For regular updates on Thinkers50 news, ideas and events subscribe to our monthly newsletter:

Thinkers50 RADAR

* indicates required

Thinkers50 in 50 Seconds with Antonio Nieto-Rodriguez

All 50 Second Q&As

Antonio Nieto-Rodriguez is the world’s leading champion of project management.  He is Director of the Program Management Office at GlaxoSmithKline Vaccines and chair of the Project Management Institute. He is author of The Focused Organization.  His Thinkers50 interview puts focus to work.

What book are you currently reading?

“Playing to Win – How Strategy Really Works”; A.G. Lafley, Roger L. Martin
“Agile Competitors and Virtual Organizations: Strategies for Enriching the Customer”; Goldman, Steven
“Extreme Ownership: How U.S. Navy SEALs Lead and Win”; Willink, Jocko

How do you describe what you do?

Convincing the world: business leaders, business editors, business schools, governments, senior officers… that project management is pivotal for economic development, growth, value creation, personal improvements.…

Despite having been ignored for more than a century by leaders, academia and the business press project management is the essential ingredient for successfully implementing any (long) term strategy.

In practice, I advise senior leaders on how to prioritize their numerous strategic initiatives, how to align their teams, how to deliver their projects more successfully, how to create a culture that drives execution, and how to become more focused as an organization.

Who or what is your biggest inspiration?

In my teens I was inspired by sports, especially football players.

In my twenties I was inspired by the MBA faculty at London Business School, especially Costas Markides.

In my thirties I was inspired by entrepreneurs, ready to put everything at stake to make it work, including the owner of the night shop close to my home.

In my forties I am inspired by ….

What does success look like?

United and caring family
Find and work on your passion
Achieve self-confidence
Constant personal development
Impact on peoples’ lives
Help organizations to do better
Contribute to a better world

What is your competitive advantage?

My biggest competitive advantage is that I combine my “thinking” activities with a full time job as senior executive in one of the largest pharmaceutical companies in the world, which allows me to see which of the ideas and concepts I develop work in reality.

No other “thinker” I know dares, or is able, to have this combination.  They are academic, consultants or retired executives, whose concepts often are based on a new buzz, but which only scratch the surface and don’t bring any sustainable improvements to organizations.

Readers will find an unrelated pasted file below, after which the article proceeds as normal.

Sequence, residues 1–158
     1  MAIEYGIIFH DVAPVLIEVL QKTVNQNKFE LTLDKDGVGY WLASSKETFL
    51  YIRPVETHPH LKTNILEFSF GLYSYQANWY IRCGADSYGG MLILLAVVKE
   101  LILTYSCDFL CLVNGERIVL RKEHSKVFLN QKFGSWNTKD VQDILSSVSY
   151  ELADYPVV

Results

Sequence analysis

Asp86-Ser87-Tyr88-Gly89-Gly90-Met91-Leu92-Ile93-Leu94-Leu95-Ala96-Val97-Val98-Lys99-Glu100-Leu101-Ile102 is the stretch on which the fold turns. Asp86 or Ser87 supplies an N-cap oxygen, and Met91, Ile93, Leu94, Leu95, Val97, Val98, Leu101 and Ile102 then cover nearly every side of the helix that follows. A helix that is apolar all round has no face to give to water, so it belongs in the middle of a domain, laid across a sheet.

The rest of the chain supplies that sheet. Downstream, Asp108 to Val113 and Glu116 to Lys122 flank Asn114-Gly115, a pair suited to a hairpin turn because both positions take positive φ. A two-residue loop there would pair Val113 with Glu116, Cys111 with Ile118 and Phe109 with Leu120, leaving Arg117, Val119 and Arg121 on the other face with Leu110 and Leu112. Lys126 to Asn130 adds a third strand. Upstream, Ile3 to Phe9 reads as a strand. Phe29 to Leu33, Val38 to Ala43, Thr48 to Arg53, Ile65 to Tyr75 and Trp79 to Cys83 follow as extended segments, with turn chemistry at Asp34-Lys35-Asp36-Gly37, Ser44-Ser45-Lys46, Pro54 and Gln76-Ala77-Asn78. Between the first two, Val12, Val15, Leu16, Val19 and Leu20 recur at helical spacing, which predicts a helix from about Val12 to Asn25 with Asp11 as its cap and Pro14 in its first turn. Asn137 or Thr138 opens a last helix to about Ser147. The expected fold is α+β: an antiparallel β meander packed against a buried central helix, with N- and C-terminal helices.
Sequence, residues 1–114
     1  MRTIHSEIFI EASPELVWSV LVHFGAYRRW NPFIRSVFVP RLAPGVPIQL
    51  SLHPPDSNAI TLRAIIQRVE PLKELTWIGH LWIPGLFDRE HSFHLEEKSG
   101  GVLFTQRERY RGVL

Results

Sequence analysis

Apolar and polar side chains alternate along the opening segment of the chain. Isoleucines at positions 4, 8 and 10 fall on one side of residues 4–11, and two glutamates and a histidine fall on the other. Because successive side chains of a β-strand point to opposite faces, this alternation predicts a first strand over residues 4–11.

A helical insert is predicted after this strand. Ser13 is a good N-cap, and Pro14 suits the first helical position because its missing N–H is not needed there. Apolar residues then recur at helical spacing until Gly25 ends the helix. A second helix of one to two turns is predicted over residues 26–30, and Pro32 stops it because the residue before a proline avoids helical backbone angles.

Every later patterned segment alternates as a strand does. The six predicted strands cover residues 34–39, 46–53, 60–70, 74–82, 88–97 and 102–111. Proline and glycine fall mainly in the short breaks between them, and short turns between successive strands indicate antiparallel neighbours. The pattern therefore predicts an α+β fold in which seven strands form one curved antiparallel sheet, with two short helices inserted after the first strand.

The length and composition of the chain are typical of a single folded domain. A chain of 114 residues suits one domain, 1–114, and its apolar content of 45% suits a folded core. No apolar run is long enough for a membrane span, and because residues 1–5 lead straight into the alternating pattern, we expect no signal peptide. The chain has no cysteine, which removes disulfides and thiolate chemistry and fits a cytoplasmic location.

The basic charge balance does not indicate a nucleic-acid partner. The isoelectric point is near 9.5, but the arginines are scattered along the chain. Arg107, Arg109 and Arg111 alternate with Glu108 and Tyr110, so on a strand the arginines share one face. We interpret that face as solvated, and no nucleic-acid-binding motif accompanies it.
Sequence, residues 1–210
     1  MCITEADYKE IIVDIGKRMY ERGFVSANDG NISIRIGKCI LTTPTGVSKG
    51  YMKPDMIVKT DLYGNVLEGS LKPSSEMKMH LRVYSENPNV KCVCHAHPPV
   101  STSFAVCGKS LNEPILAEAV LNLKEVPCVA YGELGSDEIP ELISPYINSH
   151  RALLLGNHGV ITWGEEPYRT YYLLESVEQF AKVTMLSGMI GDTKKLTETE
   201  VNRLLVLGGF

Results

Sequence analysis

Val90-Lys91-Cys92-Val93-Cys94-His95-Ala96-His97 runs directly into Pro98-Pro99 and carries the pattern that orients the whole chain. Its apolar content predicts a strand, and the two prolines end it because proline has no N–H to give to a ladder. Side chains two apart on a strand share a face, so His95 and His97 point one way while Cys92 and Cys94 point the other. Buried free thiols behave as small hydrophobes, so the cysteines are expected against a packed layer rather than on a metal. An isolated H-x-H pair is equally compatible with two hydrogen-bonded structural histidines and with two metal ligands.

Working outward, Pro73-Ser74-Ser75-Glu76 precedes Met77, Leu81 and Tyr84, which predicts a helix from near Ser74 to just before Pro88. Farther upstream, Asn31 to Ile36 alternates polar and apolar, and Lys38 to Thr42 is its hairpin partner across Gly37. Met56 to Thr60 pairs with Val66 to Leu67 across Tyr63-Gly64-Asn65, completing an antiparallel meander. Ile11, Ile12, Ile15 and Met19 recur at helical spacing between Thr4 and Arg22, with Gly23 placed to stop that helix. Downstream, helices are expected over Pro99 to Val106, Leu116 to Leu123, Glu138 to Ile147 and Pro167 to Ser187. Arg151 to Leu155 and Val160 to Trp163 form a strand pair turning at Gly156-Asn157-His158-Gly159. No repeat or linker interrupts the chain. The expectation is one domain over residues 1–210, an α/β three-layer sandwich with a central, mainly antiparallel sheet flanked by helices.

Einstein used to say: “In theory, theory and practice are the same, in practice they are not”. This applies very well to management theories.

How do you keep your thinking fresh?

I look for unusual stories by listening to unusual people.
I read but not only books, also blogs, contributions (sometimes a single comment on a post has more insights that the entire article).
I ask my partner to challenge my views.
I write to force myself to structure and simplify my thoughts.

How much time do you spend travelling?

This year, due to my role as global Chairman of the Project Management Institute, I am travelling quite a lot, almost every week I am on a plane.

In a normal year I will have two to three trips per month.

What is the secret of a great presentation?

I derived my secret formula for great presentations after having delivered hundreds of keynotes, trying new things every time, and observing the reaction of the audience.

The challenge I set to myself when I deliver a presentation is to keep 100% of the audience fully focused, without looking at their phones, for the entire session.

To do that, here are my secrets:
a) Be authentic – share a personal story when you failed in your career
b) Master the topic but talk in simple terms most of the time
c) Use stories rather than frameworks or obvious examples
d) Make sure there is a flow in your presentation with a strong conclusion.

The last recommendation is to start making impact, do something unusual, say something different — you have 50 seconds to capture the audience, if you do it and your presentation has all of the above, you can keep them engaged for hours.

What advice would you give to anyone who wants to follow in your footsteps?

Believe in your passion
Challenge common thinking
Keep learning
Understand what matters to your most important stakeholders (and learn their language).

What is your next goal?

Over recent years I have set myself a couple of BHA goals that I would like to achieve within 18/24 months.

My two last BHA goals were: a) to become Chairman of PMI and b) deliver my first TEDxTalk.

Currently I am working on:
a) Becoming part of the elite of world thinkers by being selected in the Thinkers50 in 2017
b) Publish my first blog or article with the Harvard Business Review.

Describe yourself in three words.

Authentic
Dreamer
Passionate

You may also like

t50-podcast-ad2